July 18, 2014
WANT TO open a bar in Pennsylvania and avoid the standard six-figure price tag for a liquor license? The Pennsylvania Liquor Control Board, through its extraordinarily lenient interpretation of the state liquor code, lets you do it for as little as $500. All it takes is a one-page application with none of the lengthy red tape and criminal background checks applicants normally face. The discount license is an unforeseen product of a 2012 liquor code amendment crafted by the Legislature to make it easier for licensees to cater one-day private events.
June 16, 2014 |
Hurricane season is starting slowly, and weather forecasters predict that El Niño may help spare us this year. But as Hurricane Sandy reminded our region, you never can predict when you'll be in bad luck's bull's-eye. So it's a good time to consider how to avoid another kind of harm: from a Swiss-cheese insurance policy. Some Sandy victims found, for instance, that if losses were caused by both wind and water, a term with a whale of a name - an "anti-concurrent-causation clause" - could help an insurer sidestep or lowball a claim.
March 18, 2014
IT'S LIKE A KID asking the teacher for more homework. When I heard that South Philly auto-body repairman Domenico Nigro wants more oversight and regulation by the city or state, that's what I thought. What business owner wants more government involvement in his or her affairs? The answer: One who cares about the safety of customers and other citizens. People who do heavy repair work on your car are not required to be certified to guarantee their competence. That just floors him. Nigro's wife, Victoria, is a hair stylist and is tested and certified by the state.
March 6, 2014 |
The ink is barely dry on the city's agreement to sell Philadelphia Gas Works for $1.86 billion to a Connecticut energy company, and critics are already seeing loopholes in promised customer protections. Under the purchase agreement announced Monday, UIL Holdings Corp. is required to maintain a three-year rate freeze and continue PGW's low-income subsidies. But advocates who have read the 87-page agreement say it appears to contain provisions that would allow the new owners to hedge those commitments.
August 5, 2013 |
Despite having one of the toughest pay-to-play laws in the nation to regulate the awarding of contracts in connection with campaign contributions, New Jersey also has one of the largest loopholes. Essentially, if local government agencies publicly bid a contract, pay-to-play rules, including strict donation limits, don't apply. But there's a loophole in that, too - if a local town has its own pay-to-play law - and that might be causing potential problems for Camden. Camden officials have said they did nothing wrong in appointing a politically connected auditing firm to audit the city's books this year after the firm earlier donated thousands of dollars to Mayor Dana L. Redd's reelection campaign and a related political action committee.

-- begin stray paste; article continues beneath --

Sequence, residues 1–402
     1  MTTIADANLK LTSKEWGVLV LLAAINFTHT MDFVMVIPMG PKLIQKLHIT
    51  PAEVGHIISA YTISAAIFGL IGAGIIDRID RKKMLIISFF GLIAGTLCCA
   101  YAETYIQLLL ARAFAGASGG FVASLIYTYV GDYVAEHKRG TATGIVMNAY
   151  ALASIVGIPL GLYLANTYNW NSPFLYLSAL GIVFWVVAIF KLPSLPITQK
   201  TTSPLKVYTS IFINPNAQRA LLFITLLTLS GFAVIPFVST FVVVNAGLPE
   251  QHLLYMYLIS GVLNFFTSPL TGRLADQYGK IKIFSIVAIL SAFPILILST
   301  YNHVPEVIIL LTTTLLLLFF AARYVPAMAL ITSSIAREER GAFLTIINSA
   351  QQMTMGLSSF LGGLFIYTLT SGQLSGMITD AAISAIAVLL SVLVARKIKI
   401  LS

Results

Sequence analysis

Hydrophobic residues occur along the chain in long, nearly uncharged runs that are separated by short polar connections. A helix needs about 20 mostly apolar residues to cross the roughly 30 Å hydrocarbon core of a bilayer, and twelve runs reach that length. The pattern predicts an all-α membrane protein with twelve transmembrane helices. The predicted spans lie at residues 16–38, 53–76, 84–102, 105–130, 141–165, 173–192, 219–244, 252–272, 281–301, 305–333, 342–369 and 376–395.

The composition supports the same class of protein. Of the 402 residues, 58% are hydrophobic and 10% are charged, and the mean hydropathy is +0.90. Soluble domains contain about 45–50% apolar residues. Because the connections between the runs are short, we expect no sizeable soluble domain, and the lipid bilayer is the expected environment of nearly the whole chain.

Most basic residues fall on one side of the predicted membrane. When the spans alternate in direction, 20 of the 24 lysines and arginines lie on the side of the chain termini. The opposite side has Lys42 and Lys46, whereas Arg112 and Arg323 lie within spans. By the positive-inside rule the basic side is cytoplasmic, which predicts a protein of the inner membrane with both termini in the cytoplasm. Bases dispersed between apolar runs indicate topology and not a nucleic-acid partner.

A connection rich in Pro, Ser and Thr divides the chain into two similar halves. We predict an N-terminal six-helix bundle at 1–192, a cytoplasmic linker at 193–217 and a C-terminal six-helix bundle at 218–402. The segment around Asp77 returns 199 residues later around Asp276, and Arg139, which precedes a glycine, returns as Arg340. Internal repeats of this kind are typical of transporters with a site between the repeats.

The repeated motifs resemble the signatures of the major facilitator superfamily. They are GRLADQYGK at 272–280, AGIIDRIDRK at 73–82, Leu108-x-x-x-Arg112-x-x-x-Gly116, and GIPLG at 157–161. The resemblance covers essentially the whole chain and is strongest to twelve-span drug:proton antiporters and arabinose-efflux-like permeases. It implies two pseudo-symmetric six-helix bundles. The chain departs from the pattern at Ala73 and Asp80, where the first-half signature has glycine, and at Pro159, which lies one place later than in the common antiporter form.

July 28, 2013 |
We may have our differences, but we heartily agree that our tax code is overly complicated and inefficient, and that we need to start controlling our skyrocketing national debt. Structural tax reform can address both problems. To that end, Sen. Max Baucus (D., Mont.) and Rep. Dave Camp (R., Mich.) are coming to Philadelphia on Monday. They head the Senate and House committees responsible for tax policy, and both are committed to reforming the tax code. They are visiting cities across the country seeking support and input for the overhaul from taxpayers and business owners.
July 19, 2013 |
HARRISBURG - On a scorching summer morning in a state known for its staunch defense of the Second Amendment, the mother of one of the victims in last year's shooting at a Connecticut school came to the Capitol to talk about gun laws. Francine Lobis Wheeler, whose 6-year-old son was among 20 first graders killed at Sandy Hook Elementary in Newtown in December, said she came not as an expert on policy or law, but as a mother with a credential no parent wants: "I have lost a child to gun violence.
June 5, 2013
By Pamela Lampitt Most New Jerseyans agree: It is absolutely critical to keep individuals suffering from serious mental illness from purchasing firearms. Stopping individuals with potentially dangerous mental illness from obtaining weapons is not just common sense; it is indispensable to protecting our communities from gun violence. But a glaring loophole in state law permits people with serious mental illnesses to easily pass through the background-check system and purchase firearms.
April 20, 2013
By Patrick Meehan Imagine yourself a victim of sexual assault. After finally summoning the courage to speak out and report your attacker to authorities, you're forced to relive the attack through months of depositions, testimony, and questioning by defense attorneys hoping to discredit you. Next, a jury returns a guilty verdict against your attacker. But then, weeks later, that verdict is suddenly and irreversibly overturned, without any justification or rationale. Your attacker is set free, and you're not even told why. That's exactly what happened to an American woman working in Italy.
February 12, 2013 |
SEVERAL Philadelphia gun owners with nonresident permits from Florida to carry a concealed weapon say that when state Attorney General Kathleen Kane announced Friday that she was closing the so-called Florida gun loophole she also should have promised to look at why so many Philadelphians sought permits from Florida in the first place. "The only place that this seems to become an issue, which they are not saying, is in Philadelphia," said firearms instructor Richard Oliver. "It's just a Philly problem, because to get the Philadelphia permit is so crazy.